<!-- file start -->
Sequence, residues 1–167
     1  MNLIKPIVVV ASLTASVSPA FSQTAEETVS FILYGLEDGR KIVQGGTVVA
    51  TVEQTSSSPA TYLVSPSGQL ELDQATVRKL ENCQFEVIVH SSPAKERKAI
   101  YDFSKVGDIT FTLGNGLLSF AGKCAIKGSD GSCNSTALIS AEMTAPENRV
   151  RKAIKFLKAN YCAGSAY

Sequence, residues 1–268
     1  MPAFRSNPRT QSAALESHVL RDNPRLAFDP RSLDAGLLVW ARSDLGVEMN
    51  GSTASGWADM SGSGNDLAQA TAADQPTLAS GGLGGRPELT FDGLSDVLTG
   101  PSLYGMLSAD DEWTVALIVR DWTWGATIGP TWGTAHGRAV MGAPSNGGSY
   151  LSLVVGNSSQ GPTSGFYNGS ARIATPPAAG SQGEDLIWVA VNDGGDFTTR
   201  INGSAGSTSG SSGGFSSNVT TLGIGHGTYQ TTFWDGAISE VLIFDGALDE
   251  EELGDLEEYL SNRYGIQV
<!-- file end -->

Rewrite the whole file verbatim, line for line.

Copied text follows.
Sequence, residues 1–167
     1  MNLIKPIVVV ASLTASVSPA FSQTAEETVS FILYGLEDGR KIVQGGTVVA
    51  TVEQTSSSPA TYLVSPSGQL ELDQATVRKL ENCQFEVIVH SSPAKERKAI
   101  YDFSKVGDIT FTLGNGLLSF AGKCAIKGSD GSCNSTALIS AEMTAPENRV
   151  RKAIKFLKAN YCAGSAY

Sequence, residues 1–268
     1  MPAFRSNPRT QSAALESHVL RDNPRLAFDP RSLDAGLLVW ARSDLGVEMN
    51  GSTASGWADM SGSGNDLAQA TAADQPTLAS GGLGGRPELT FDGLSDVLTG
   101  PSLYGMLSAD DEWTVALIVR DWTWGATIGP TWGTAHGRAV MGAPSNGGSY
   151  LSLVVGNSSQ GPTSGFYNGS ARIATPPAAG SQGEDLIWVA VNDGGDFTTR
   201  INGSAGSTSG SSGGFSSNVT TLGIGHGTYQ TTFWDGAISE VLIFDGALDE
   251  EELGDLEEYL SNRYGIQV